LARKSPUR: You need some birds associated with the early morning and then the UP from the clue but reversed (turned). After that (on in a down clue) you need and R (roof of Reprocessing).
2d Act indecently? I become tight-lipped (8)
TACITURN: Anagram (indecently) of ACT followed by the I from the clue and then a word for become, especially if it’s followed by INTO.
3d Name of composer heard (6)
HANDLE: A slang term for your name sounds like a composer of the early 18th century. For some unknown reason I put in the name of the composer which rather made a mess of 12a, d’oh! Anyway here’s a bit of his music along with some other good stuff . . .
4d Richly seasoned stew shown in red-top abroad (6)
RAGOUT: A slang term for a red-top newspaper such as the Sun or Mirror followed by a word meaning abroad as in not in.
5d Traveller‘s passage — cost of passage ending in Dover (8)
WAYFARER: A word for a passage or road followed by what you pay for passage on a bus or ferry and finally an R (ending in doveR).
6d Brief film entertaining wife (6)
LAWYER: A film, as in a film of paint perhaps, with a W(ife) inserted (entertaining). Took a while for the penny to drop on the meaning of brief!
8d Boy‘s from Pisa, actually (5)
ISAAC: This boys name is hidden in (from) the last two words.
9d Progressive Indian state leader (2-5)
GO AHEAD: Take an Indian state and a leader, of a school perhaps, and split the result (2,5).
14d Leave shortly, heading for India on holiday (8)
VACATION: A word meaning to leave without its last letter is followed by I (heading for India) and the ON from the clue.
15d Perfect example in eastern religious book (7)
EPITOME: E(astern) followed by two letters for religious and then a large book.
17d Where there may be lots of holidaymakers affected by it in south-east (8)
CAMPSITE: Take a word meaning affected, as in affected behaviour perhaps, and follow with the IT from the clue inserted into (in) SE (south east).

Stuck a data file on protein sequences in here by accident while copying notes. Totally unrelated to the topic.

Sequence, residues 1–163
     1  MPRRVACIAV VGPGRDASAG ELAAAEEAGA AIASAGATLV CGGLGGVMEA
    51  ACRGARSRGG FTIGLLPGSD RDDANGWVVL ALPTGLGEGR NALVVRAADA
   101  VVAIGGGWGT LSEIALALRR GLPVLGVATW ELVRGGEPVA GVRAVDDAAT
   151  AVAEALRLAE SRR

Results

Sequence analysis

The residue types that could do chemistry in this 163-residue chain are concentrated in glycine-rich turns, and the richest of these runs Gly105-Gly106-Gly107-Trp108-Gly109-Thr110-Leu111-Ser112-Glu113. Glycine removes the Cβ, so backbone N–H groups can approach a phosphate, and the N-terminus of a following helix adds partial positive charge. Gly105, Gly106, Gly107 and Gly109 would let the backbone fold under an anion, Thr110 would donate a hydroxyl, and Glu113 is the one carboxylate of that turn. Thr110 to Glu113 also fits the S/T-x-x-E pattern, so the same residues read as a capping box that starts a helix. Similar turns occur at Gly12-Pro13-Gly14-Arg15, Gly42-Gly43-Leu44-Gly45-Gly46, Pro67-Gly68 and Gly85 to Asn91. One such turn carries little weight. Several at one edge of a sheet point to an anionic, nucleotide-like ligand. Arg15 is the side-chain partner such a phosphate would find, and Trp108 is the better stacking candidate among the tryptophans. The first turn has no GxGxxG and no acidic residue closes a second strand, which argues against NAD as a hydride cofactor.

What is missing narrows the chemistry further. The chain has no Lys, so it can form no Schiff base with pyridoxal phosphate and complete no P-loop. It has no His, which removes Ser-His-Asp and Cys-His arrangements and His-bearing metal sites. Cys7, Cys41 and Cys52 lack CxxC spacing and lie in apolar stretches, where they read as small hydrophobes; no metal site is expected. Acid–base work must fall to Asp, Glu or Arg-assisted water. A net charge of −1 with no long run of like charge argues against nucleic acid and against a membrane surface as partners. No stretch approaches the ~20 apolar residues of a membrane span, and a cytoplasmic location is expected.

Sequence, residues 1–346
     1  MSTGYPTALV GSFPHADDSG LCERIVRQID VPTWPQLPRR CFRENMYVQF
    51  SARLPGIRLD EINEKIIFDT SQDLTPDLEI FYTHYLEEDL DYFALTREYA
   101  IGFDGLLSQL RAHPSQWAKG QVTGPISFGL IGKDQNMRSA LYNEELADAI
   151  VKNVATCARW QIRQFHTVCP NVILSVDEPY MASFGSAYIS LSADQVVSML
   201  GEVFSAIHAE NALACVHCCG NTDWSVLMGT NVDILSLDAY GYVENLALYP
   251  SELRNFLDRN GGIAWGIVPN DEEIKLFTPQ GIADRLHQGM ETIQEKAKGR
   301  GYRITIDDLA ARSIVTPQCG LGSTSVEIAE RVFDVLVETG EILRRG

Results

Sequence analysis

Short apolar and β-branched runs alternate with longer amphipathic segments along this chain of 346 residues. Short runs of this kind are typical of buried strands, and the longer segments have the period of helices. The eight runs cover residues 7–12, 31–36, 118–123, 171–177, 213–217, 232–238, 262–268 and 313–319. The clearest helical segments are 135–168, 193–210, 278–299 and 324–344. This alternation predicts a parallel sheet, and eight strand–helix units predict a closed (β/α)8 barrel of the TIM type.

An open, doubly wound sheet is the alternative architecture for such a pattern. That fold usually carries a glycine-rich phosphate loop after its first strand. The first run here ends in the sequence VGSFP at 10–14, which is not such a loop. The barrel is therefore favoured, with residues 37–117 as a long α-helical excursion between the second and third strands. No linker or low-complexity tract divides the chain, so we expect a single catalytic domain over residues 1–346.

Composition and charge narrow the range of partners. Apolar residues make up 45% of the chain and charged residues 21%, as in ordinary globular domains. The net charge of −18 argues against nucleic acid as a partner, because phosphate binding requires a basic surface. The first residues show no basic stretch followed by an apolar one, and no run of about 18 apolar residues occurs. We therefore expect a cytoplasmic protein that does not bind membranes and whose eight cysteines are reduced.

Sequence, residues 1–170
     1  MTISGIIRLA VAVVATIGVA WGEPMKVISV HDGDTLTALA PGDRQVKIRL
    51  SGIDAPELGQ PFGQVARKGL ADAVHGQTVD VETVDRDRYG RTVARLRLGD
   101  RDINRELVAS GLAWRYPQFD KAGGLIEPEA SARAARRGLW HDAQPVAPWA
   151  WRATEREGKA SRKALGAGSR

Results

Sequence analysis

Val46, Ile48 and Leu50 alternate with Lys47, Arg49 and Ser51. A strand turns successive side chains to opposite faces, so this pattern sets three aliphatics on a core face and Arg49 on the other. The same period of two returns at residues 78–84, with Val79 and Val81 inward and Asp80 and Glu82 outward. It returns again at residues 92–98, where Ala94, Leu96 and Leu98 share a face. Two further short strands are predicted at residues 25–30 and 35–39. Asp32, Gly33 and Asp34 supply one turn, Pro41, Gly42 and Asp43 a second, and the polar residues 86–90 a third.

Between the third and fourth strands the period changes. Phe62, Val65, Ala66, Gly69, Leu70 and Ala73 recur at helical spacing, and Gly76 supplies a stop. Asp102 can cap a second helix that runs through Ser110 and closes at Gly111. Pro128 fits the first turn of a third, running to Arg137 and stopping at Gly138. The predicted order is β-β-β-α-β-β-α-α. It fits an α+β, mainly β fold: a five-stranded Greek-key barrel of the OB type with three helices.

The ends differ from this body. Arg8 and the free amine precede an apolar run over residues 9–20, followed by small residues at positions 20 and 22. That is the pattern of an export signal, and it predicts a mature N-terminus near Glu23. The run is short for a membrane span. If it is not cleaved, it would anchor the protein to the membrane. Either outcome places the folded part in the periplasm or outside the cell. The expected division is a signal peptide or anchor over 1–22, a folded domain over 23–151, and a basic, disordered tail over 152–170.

18d Rodent had got loose inside, causing scene of utter confusion (8)
MADHOUSE: Start with a small rodent and insert (inside) put an anagram (got loose) of HAD.
19d Top two maidens in action (6)
SUMMIT: Two M(aidens)s are placed inside (in) a legal action.
20d Most certainly not involving king and country (6)
NORWAY: A phrase (2,3) meaning most certainly not has inserted (involving) and R for king to get a Scandinavian country.
21d About time to get down for short sleep (6)
CATNAP: Two letters for about or approximately followed by T(ime) and then some down, on a snooker table perhaps.
22d Established rule in Isle of Man following a vote (5)
AXIOM: The abbreviation of Isle of Man after the A from the clue and the letter you use to vote.
Just about every one of these clues deserves to be in blue but for my podium three I’ve gone for 23a, 1d and 8d in that order.
As far as I can see there are three puns in the Quickie today. I’m sure someone will say if I’ve missed one. I tried for a while to include the R and the I in the middle pun as the I and DEAR give you IDEA but I can’t see anything to do with the R. So here’s my take on them.
Top line: WHEY + TAN + SEA = WAIT AND SEE
Middle line: READ + DEAR = RED DEER
Bottom line: LAY + SAY + FARE = LAISSEZ FAIRE